I got to writing the good then, I was about to publish this when I realised… I hadn’t done the bad. The bad? The bad… let me see. Um. No, really. Um.
Hmm… there’s nothing bad so far. It’s a breath of fresh air into the indie author scene and, while the ISBN took a while to appear, I can’t really fault it in any way. I will be keen to see how the Marketing Module works, and I look forward to walking through the Reporting engine, but, until then, I really can’t complain.
I guess… I guess if I really want to complain, I would like to see some kind of ‘pseudo-storefront’ that would link out to the various stores, but that’s a nice-to-have.
Apart from that, I’m annoyed that I didn’t try D2D earlier.
Even since the first upload of Adaptation and for the next 15 odd titles, I’ve been using Smashwords to perform the conversion and aggregate the distribution of my titles. I found working with the first few titles a bit tricky, but once I got the hang of formatting the documents and then doing the chapter links, it went smoothly.
I haven’t had any real complaints with Smashwords so far, so why am I writing this? Because it always pays to look around, see what else is out there, see where the industry is heading. For Iris of the Shadows I reassessed my options. I’ve decided to publish the softback via KDP rather than via Lulu, but there’s the eBook format to worry about. OK, there’s also the audiobook, but that’s a later thing. My first instinct was ‘well, why not Smashwords?’. Yeah, Jez, why not Smashwords?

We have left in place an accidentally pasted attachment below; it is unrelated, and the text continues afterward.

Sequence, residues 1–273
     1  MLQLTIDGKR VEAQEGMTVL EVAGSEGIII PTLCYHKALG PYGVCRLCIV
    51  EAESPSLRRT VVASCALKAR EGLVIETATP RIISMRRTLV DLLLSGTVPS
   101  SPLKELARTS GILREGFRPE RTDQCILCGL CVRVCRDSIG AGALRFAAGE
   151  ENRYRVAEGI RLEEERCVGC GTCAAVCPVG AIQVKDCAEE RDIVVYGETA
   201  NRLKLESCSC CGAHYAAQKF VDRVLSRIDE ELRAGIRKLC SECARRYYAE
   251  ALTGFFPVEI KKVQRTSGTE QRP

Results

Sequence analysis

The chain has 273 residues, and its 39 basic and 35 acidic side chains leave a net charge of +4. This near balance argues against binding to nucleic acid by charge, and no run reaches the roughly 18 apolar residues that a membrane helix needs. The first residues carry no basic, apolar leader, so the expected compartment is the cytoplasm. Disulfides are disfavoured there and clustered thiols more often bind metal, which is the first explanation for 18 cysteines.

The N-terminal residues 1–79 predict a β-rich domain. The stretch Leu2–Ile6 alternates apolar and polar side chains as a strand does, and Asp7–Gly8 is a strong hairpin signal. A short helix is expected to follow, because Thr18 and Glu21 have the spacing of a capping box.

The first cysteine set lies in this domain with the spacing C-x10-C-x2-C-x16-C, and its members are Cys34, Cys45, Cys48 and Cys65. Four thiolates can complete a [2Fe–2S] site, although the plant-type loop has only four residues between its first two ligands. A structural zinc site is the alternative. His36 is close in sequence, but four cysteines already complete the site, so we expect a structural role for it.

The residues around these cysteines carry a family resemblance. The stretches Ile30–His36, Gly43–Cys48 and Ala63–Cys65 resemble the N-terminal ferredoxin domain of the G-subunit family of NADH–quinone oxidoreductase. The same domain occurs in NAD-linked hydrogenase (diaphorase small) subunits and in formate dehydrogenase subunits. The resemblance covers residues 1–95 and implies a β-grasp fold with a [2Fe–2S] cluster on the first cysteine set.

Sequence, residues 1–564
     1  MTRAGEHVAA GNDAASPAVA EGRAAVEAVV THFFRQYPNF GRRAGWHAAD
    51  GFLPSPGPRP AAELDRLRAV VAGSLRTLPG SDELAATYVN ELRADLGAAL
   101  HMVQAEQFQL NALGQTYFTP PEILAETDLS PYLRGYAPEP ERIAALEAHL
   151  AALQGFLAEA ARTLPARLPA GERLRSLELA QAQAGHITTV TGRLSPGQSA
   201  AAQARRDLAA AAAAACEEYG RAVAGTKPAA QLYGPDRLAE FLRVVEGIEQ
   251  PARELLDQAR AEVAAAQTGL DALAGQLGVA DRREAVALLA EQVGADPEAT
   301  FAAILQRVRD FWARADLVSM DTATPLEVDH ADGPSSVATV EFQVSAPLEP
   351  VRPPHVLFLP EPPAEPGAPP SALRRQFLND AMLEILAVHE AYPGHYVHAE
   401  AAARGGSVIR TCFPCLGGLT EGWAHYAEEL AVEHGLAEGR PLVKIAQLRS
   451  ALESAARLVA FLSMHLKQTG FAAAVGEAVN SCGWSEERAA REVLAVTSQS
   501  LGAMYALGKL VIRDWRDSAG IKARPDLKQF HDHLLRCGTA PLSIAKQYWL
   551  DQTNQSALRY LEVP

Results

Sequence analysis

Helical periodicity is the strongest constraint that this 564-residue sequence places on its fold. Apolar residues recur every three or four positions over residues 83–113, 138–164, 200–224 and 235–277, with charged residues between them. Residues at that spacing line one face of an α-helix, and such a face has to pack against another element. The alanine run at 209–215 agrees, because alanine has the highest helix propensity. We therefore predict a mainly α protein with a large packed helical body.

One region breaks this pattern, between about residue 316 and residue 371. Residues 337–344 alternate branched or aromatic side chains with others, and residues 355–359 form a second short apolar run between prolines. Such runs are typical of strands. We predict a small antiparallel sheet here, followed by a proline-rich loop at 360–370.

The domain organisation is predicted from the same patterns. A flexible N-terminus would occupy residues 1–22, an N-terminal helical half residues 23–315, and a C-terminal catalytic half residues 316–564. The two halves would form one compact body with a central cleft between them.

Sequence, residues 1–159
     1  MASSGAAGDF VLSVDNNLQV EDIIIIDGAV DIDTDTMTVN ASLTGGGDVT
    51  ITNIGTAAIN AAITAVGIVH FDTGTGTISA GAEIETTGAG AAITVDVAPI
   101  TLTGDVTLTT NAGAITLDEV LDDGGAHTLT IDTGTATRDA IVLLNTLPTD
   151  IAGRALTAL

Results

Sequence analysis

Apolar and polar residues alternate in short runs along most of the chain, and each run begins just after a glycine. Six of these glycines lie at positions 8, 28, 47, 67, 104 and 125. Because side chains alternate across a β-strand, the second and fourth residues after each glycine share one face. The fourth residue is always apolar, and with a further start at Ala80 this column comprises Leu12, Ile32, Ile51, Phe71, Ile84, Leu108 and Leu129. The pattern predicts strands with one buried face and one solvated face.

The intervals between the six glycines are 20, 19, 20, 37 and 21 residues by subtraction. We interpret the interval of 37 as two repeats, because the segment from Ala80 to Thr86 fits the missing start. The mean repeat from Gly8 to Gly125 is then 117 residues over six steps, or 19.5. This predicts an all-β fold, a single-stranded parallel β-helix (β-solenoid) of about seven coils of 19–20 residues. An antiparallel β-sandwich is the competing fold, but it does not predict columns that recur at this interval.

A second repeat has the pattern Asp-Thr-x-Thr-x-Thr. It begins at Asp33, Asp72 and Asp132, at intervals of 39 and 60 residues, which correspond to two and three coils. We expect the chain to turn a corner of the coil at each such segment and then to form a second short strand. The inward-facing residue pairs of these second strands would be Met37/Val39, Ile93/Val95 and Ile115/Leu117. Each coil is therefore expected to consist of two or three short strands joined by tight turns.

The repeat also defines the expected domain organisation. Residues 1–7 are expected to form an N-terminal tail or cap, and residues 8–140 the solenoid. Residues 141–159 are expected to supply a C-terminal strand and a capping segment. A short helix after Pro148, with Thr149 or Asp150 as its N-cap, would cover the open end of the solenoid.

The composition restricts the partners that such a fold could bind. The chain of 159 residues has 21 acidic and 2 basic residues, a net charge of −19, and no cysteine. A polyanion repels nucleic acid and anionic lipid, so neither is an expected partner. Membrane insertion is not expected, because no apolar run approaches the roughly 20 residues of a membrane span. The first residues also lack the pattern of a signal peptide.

No real reason why not, more that there’s another reason to try Draft2Digital. What’s that? It’s like this: I don’t want to go with KDP Select. That’s KDP Select, not KDP, mind. The whole 90 day exclusivity thing is, to me, not nice for those of us who don’t have a Kindle (like yours truly). It feels Draconian and, yes, I know there’s the Kindle Unlimited program doover, but that doesn’t really interest me more than having an even playing field for books. Long story short: KDP Select is out.
So that leaves Smashwords, the independent author’s friend. Only, there are other players. Ingram Spark comes to mind. I had a look and, while there are benefits, it was a case of ‘yeah, nah’ for me. Then there’s Draft2Digital.
I’ve actually used the Books2Read service for aggregating the links to my books. I didn’t realise that this was part of the D2D platform. So when I went poking about, having a tentative e-sniff as it were, I already had a sign-in. Good. That made life a little easier. Reading their description, they sound a lot like Smashwords in that they can take your work, turn it into an ebook and distribute it to a bunch of retailers. So far, so good.
The list of retailers isn’t as extensive, it seems, as Smashwords, but that didn’t really concern me since the main players – Barnes & Noble, Kobo, Apple iTunes, Scribd, Overdrive and Bibliotecha – are all there. They do distribute to libraries as well, so that’s neat. What they don’t offer is a direct selling page from their own site – you can’t buy from D2D.
They do have an integration service with Amazon. I know that this is possible with Smashwords, too, but there’s a caveat that one needs a couple of grand worth of sales before they’ll consider it, and then you need to write in and ask them to help out. I prefer to upload directly to Amazon KDP, so that’s not a deal maker or breaker.
They can supply an ISBN. This is necessary for some platforms like Apple iTunes. Plus the interface looks snazzy. Not that I care too much, but it’s a nice feeling to be working with something more modern.
With all of that in mind, I did a bit of searching around and the consensus is that D2D is proving to be quite the competitor to Smashwords, and that can only be a good thing. The more players there are, the more innovation and the better the service and, hopefully, it can take KDP down a peg or two.